Scientists engineer centipede-inspired wiggling robots that tackle tough terrains

The researchers developed a theory that proposes adding pairs of legs to the robot increases its ability to move robustly over challenging surfaces — a concept they call spatial redundancy.
Loukia Papadopoulos
An image of the centipede robot.jpg
An image of the centipede robot.

Georgia Tech 

A team of physicists, engineers, and mathematicians at the Georgia Institute of Technology are mimicking centipedes’ movements to develop a new theory of multilegged locomotion. Through their experiments, they discovered that robots with more legs could move across uneven surfaces with agility without any additional sensing or control technology.

This is according to a press release by the institution published on Friday.

“When you see a scurrying centipede, you're basically seeing an animal that inhabits a world that is very different than our world of movement,” said Daniel Goldman, the Dunn Family Professor in the School of Physics. 

“Our movement is largely dominated by inertia. If I swing my leg, I land on my foot, and I move forward. But in the world of centipedes, if they stop wiggling their body parts and limbs, they basically stop moving instantly.”

The team of researchers developed a theory that proposes that adding leg pairs to the robot increases its ability to move robustly over challenging surfaces — a concept they call spatial redundancy. 

This results in robot legs that are successful on their own without the need for sensors to interpret the environment. If one leg fails, the rest keeps it moving regardless. 

Search and rescue and more

“With an advanced bipedal robot, many sensors are typically required to control it in real-time,” said Baxi Chong, a physics postdoctoral researcher.

 “But in applications such as search and rescue, exploring Mars, or even micro-robots, there is a need to drive a robot with limited sensing. There are many reasons for such sensor-free initiative. The sensors can be expensive and fragile, or the environments can change so fast that it doesn’t allow enough sensor-controller response time.”

To test the theory, the researchers built a wildly uneven terrain and had robots navigate it, increasing their number of legs by two each time, starting with six and eventually expanding to 16. The scientists found that as the leg count increased, the robot could more agilely move across the terrain, even without sensors.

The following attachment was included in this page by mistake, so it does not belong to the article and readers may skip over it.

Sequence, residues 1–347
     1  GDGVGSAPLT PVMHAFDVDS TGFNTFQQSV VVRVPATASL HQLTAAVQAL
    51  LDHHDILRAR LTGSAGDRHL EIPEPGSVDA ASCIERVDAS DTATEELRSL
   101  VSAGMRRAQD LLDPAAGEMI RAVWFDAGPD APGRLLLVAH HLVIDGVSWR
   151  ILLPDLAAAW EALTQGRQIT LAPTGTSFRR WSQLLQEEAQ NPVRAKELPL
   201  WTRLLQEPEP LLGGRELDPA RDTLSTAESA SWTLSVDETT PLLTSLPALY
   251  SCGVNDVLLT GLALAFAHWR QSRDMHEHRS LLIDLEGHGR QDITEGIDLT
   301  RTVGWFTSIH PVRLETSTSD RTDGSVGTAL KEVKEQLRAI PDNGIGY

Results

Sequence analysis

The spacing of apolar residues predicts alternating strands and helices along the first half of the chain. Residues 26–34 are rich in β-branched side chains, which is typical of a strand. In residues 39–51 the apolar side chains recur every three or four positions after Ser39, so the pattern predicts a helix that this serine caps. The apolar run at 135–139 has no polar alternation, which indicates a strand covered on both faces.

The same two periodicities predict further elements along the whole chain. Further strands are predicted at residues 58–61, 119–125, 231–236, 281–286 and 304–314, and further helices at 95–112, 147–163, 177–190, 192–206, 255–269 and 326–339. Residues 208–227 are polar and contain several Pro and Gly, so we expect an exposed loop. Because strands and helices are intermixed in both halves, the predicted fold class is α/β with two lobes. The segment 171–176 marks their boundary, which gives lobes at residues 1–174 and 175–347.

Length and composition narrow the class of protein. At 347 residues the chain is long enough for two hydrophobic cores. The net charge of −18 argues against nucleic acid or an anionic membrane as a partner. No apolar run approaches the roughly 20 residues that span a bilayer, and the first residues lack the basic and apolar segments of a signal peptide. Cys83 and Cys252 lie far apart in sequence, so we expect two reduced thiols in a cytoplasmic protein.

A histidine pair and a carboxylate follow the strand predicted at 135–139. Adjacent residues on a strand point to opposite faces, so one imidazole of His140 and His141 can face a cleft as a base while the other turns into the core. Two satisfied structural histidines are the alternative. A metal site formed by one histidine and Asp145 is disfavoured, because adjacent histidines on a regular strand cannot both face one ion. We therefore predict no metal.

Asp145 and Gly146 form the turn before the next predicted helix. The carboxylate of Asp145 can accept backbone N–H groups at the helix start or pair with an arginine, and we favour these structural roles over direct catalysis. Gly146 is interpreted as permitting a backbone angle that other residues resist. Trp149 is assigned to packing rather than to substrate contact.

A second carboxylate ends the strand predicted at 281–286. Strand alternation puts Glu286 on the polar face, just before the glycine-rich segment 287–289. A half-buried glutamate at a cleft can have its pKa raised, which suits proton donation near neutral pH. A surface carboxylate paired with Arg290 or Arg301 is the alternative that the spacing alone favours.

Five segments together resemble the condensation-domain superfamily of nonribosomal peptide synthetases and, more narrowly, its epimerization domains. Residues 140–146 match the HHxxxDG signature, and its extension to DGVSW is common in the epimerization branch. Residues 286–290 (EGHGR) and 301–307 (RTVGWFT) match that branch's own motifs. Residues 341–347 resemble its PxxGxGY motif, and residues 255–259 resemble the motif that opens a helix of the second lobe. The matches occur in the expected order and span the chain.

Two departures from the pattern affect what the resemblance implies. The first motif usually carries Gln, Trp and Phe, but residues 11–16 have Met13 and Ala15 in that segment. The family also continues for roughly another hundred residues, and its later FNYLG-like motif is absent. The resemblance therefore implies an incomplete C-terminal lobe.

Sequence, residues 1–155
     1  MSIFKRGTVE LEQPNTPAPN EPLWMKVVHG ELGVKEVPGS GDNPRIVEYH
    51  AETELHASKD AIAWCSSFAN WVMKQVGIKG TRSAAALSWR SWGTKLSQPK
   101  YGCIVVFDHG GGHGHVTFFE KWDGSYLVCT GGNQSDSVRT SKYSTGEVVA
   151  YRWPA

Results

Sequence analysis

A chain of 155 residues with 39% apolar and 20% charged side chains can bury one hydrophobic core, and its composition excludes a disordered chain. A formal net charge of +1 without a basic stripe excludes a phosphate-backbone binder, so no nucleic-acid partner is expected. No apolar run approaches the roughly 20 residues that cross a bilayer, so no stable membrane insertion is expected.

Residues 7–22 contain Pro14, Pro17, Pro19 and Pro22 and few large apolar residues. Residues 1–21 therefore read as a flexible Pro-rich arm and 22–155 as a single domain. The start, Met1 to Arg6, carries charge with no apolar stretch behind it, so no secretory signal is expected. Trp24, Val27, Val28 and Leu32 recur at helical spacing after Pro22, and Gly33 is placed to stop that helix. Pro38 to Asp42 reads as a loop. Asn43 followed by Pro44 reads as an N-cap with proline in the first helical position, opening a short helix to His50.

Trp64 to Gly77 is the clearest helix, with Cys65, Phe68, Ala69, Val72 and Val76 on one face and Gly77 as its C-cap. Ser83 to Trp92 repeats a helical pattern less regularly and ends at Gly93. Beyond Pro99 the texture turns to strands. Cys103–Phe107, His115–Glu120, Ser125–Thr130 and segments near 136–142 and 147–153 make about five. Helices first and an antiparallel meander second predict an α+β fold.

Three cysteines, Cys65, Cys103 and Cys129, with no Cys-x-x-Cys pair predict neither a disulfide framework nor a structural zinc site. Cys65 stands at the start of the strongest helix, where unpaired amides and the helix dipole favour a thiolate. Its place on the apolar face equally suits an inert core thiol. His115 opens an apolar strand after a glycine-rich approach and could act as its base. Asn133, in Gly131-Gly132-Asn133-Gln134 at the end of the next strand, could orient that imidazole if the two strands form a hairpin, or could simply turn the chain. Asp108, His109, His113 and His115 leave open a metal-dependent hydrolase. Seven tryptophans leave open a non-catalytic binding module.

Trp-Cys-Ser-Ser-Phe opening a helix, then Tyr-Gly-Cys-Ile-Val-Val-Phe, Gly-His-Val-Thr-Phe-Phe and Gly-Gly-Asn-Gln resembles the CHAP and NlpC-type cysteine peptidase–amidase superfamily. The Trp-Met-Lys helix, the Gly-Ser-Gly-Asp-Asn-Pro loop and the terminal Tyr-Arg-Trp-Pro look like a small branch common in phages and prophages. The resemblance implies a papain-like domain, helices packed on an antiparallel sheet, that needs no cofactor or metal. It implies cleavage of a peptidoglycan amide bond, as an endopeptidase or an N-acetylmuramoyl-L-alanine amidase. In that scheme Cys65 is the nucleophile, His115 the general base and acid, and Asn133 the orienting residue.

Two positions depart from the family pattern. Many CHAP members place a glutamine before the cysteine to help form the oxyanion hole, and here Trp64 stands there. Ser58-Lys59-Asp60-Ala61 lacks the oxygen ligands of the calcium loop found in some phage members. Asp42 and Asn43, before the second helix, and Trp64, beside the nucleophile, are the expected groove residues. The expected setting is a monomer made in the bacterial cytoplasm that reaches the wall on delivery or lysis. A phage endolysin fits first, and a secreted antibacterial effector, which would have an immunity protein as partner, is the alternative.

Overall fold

“It's truly impressive to witness the multilegged robot's proficiency in navigating both lab-based terrains and outdoor environments,” said in the statement Juntao He, a Ph.D. student in robotics.

“While bipedal and quadrupedal robots heavily rely on sensors to traverse complex terrain, our multilegged robot utilizes leg redundancy and can accomplish similar tasks with open-loop control.”

The study was published in Proceedings of the National Academy of Sciences in March.

Study abstract:

Whereas the transport of matter by wheeled vehicles or legged robots can be guaranteed in engineered landscapes such as roads or rails, locomotion prediction in complex environments such as collapsed buildings or crop fields remains challenging. Inspired by the principles of information transmission, which allow signals to be reliably transmitted over “noisy” channels, we developed a “matter-transport” framework that demonstrates that noninertial locomotion can be provably generated over noisy rugose landscapes (heterogeneities on the scale of locomotor dimensions). Experiments confirm that sufficient spatial redundancy in the form of serially connected legged robots leads to reliable transport on such terrain without requiring sensing and control. Further analogies from communication theory coupled with advances in gaits (coding) and sensor-based feedback control (error detection and correction) can lead to agile locomotion in complex terradynamic regimes.

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